‘Insulting modesty’ law does not apply to men, rules court

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The value of a man's modesty versus a woman's has come under the spotlight after the Public Prosecutor appealed against a 10-week jail term given to a man who covertly took obscene videos and photos of 33 men in public toilets.

The prosecution had urged the court to punish 27-year-old Teo Han Jern with a six-month jail term, arguing that this would have been the benchmark if the Malaysian's victims had been women.

But District Judge Kenneth Yappointed out that Singapore's law on insult to modesty protects only women - and this could be down to the different way society regards the two sexes.

"The fact that male urinals and changing rooms are typically more 'open concept' than their female equivalents would, to some, speak volumes of a differentiated approach to modesty," he said.

Using his mobile phone, Teo, a sales executive, secretly took videos and photos of men - some engaging in sexual acts and others defecating.

He committed almost all of his offences at the Paragon and Cathay shopping malls.

He was caught on Sept 9 last year, when he went to a toilet on the ground floor of Paragon around 6pm and tried to film a man who was inside a cubicle by placing his phone over the partition.

The victim spotted the device, snatched it away and reported Teo to the mall's concierge. The police were alerted.

Teo pleaded guilty to five counts of making obscene films, for which he was jailed for four weeks each, four counts of being a public nuisance for the photos he took ($1,000 fine each), and one count of having an obscene film (two weeks' jail).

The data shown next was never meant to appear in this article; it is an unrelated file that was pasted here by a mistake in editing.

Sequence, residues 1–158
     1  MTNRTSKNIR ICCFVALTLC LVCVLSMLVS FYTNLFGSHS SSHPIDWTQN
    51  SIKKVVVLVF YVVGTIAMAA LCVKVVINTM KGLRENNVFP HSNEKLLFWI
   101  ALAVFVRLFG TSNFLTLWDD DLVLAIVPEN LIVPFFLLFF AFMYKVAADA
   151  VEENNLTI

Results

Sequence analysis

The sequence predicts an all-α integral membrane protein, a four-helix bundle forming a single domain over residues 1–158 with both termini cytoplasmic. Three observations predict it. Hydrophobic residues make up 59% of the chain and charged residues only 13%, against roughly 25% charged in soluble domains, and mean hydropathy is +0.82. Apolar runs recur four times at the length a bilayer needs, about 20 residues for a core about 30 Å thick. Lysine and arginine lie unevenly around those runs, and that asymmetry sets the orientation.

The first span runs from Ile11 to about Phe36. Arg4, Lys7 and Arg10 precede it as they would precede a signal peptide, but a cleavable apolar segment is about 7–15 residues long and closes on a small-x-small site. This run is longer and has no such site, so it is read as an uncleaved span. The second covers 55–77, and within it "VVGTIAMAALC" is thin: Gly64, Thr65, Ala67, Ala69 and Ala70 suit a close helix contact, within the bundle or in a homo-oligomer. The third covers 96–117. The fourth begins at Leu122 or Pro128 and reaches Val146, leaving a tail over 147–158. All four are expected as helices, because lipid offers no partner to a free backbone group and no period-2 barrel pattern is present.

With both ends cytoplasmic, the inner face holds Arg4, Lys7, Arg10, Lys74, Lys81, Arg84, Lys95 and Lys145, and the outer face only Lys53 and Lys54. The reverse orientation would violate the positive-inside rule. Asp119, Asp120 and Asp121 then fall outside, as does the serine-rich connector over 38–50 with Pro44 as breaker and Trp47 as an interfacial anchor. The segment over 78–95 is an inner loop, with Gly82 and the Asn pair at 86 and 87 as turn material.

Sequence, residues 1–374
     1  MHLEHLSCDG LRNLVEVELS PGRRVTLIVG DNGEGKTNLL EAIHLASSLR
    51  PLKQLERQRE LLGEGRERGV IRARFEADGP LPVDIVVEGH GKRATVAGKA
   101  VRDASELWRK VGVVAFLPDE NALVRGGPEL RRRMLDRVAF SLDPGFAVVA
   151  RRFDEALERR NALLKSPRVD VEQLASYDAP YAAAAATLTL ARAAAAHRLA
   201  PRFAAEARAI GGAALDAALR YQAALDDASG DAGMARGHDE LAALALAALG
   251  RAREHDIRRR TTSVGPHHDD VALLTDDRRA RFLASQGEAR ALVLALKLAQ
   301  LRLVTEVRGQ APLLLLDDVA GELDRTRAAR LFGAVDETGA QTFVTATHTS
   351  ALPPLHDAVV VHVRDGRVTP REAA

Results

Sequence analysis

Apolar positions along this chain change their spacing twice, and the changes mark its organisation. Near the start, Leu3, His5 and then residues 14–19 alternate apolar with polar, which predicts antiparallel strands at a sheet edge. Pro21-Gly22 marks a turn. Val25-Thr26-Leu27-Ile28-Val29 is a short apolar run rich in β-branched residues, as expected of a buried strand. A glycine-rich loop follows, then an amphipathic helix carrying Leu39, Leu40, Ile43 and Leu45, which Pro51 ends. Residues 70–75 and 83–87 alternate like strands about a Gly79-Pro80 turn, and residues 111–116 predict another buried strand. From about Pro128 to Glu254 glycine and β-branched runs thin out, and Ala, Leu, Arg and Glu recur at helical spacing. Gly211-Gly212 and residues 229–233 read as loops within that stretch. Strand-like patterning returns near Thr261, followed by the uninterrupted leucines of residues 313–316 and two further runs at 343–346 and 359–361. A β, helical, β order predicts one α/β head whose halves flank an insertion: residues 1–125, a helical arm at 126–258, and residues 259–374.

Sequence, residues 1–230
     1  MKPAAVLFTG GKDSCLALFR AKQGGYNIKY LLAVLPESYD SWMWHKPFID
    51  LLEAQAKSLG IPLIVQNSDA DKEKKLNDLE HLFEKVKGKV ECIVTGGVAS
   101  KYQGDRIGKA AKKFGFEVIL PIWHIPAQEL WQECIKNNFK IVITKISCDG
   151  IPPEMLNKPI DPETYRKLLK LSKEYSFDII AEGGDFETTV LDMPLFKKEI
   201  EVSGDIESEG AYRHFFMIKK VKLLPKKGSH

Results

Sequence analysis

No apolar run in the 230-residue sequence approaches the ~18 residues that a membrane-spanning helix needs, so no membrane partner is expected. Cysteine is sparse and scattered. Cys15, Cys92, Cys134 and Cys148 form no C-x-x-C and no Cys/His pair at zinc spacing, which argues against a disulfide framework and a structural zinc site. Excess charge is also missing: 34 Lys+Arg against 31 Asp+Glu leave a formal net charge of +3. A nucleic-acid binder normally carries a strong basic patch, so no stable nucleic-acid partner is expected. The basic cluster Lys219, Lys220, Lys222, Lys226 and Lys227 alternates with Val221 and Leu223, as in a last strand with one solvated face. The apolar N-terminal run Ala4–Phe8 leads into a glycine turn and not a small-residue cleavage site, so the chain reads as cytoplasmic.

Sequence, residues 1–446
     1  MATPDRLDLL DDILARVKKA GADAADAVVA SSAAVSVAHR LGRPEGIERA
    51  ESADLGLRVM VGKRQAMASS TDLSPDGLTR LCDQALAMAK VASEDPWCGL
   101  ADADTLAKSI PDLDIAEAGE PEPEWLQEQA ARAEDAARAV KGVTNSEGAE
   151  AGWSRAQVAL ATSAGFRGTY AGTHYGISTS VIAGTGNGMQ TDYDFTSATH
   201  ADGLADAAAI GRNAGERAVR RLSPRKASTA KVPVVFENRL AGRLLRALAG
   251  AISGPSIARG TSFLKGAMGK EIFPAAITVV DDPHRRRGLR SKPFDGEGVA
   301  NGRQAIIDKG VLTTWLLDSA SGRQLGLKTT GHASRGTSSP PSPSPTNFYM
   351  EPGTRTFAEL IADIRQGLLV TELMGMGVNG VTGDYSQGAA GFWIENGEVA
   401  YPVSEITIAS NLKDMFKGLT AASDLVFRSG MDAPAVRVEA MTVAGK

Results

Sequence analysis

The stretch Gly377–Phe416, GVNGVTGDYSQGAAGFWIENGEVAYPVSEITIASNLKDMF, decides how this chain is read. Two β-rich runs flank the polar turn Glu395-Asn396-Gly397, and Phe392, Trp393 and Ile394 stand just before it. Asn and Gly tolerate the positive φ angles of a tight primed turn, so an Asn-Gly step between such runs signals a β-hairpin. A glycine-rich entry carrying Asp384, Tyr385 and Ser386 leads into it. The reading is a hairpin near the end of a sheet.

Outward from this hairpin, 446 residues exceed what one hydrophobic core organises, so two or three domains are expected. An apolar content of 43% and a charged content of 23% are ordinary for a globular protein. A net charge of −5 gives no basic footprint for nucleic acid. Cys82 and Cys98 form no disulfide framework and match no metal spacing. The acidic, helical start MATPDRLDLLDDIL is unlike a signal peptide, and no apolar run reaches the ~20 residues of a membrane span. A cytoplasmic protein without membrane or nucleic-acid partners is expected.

Some of the jail terms will run concurrently, which means he would have to serve only 10 weeks. Thirty other charges were taken into consideration.


In Singapore's penal code, there are two laws that deal with crimes against a person's modesty. The more serious outrage of modesty, which involves the use of criminal force, applies to "all persons".

But the other law states that whoever intends to insult the modesty of a "woman", whether through words, gestures or by intruding on the privacy of the woman, is guilty of an offence.

So Teo could not be charged with insulting the men's modesty. The most serious charges he faced were for making obscene films under the Films Act - for which the precedent was one to three weeks in jail.

The judge wrote that the fundamental question is whether a man is capable of having his modesty insulted in the same way as that of a woman. While some may argue that everyone's privacy, regardless of gender, should be equally protected, this debate is for Parliament, not the courts, he added.